I have been to two plastic surgeons in the past who agree that I need a breast reduction but my insurance at the time would not cover it. I have deep groves in my shoulders, a pinched nerve in my neck and severe back pain from carring such large breasts. I have a medium frame. I have dieted over the years but do not seem to lose my breast size. Am I a canidate for breast reduction and would my insurance cover the operation?
I Am 5'5" Weighing 165 and Have a Size 36I Breasts. Would BCBS Cover a Breast Reduction for Me?
Doctor Answers (6)
Every insurance plan has their own unique criteria on whether they will cover a breast reduction. More and more, we are seeing plans where a breast reduction is not a covered benefit. If it is a covered benefit, some insurance plans set a minimum required amount of tissue to be remove in order to met their threshold for coverage. Some set the amount in relation to your BMI (height and weight). Others require extensive medical records documenting neck pain, back pain, and history of rashes. The other alternative is to opt for a breast reduction as a self-pay option. Start by visiting with a board certified plastic surgeon to learn more about your options.
Insurance coverage for breast reduction
Breast reduction may be covered by insurance if you meet certain critera, specified by your insurance coverage. Often times, insurance company will need documentation of back pain, shoulder pain, photos, your height and weight, size of your breasts and proposed weight of breast tissue that would be removed. If you do not meet the criteria set by your insurance coverage, you will need to undergo breast reduction by self-pay. Your self-pay breast reduction cost will differ depending on your surgeon's fee, facility fee, and anesthesia fee. There is a geographic difference as well. It will vary from $8000-$10,000. Please visit with board-certified plastic surgeons to discuss the overall cost as well as potential risks, alternatives, and benefits. Good luck to you.
Criteria for Reduction
Insurance companies cover breast reductions based on 2 criteria. First, you must have symptoms relating to the large breasts such as neck, back or shoulder pain or rashes. You have met that criteria since you have back pain. Second, the amount removed has to meet their requirements. From your height and weight, they calculate your body surface area and use a table that predicts the amount to be removed. At 5'5 and 165 lbs, your body surface area is 1.84 meters squared. If your insurance was Aetna, they would require 705 grams. At size 36 that would correspond to 3 1/2 cup size reduction, which would put you in an approximate size DD.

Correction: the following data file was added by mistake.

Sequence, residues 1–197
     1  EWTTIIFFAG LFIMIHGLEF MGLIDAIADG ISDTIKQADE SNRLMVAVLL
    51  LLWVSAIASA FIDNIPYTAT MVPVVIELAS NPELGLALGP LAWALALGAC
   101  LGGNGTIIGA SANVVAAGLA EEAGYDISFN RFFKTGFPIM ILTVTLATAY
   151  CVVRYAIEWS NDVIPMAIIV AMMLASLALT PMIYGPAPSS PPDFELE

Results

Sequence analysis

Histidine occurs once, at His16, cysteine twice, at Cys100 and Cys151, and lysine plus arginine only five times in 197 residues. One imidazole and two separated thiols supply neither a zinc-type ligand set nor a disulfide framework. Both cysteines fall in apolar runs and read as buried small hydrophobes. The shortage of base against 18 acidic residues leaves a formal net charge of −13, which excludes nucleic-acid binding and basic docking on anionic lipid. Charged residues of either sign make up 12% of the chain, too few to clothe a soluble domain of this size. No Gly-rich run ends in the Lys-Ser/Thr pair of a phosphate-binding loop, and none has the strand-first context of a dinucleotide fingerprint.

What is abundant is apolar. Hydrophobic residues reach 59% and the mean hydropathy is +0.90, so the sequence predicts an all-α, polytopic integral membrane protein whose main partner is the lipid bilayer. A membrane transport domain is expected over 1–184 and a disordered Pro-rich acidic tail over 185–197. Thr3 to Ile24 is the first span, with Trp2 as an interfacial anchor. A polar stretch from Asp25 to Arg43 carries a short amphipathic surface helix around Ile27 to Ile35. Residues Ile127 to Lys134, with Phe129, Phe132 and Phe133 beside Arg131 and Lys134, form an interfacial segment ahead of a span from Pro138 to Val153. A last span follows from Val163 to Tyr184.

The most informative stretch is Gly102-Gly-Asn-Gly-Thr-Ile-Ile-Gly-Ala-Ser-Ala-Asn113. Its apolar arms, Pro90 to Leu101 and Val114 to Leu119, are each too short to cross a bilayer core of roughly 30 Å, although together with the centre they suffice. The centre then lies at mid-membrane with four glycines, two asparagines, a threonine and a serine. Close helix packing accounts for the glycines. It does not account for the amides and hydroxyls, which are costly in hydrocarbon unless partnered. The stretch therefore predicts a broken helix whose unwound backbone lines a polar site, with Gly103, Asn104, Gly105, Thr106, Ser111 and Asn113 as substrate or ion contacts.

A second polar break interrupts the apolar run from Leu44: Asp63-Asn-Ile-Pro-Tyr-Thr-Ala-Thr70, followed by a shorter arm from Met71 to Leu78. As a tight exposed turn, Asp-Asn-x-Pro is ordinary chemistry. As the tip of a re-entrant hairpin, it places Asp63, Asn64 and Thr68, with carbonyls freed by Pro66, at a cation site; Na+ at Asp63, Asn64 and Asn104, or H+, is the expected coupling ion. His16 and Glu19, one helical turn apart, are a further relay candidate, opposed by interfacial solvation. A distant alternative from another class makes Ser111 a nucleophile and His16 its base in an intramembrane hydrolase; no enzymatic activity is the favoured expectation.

Gary Horndeski, M.D.
Web reference: http://www.horndeski.com/gallery.aspx
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Insurance and breast reduction
Unfortunately, insurance companies are getting notoriously more difficult to deal with and getting approval for breast reduction surgery. You may have to pay out of pocket to have it done. Good luck.
The only way to determine whether your insurance would cover that is to talk to your primary doctor and they would have to do an authorization for the procedure.
Breast Reduction and Insurance Coverage?
Thank you for the question.
Based on your description you may be a good candidate for breast reduction surgery.
The best way to obtain insurance coverage for breast reduction surgery involves some “hoops” to jump through. The more documentation you have (for example, from your primary care doctor, physical therapist, chiropractor etc.) the better when it comes to obtaining insurance “authorization” for the procedure.
This documentation and letter/pictures from your plastic surgeon will help you obtain authorization.
As you know, you may need to be persistent when dealing with health insurance companies. Keep in mind that breast reduction surgery is one of the most patient pleasing operations performed.
These answers are for educational purposes and should not be relied upon as a substitute for medical advice you may receive from your physician. If you have a medical emergency, please call 911. These answers do not constitute or initiate a patient/doctor relationship.
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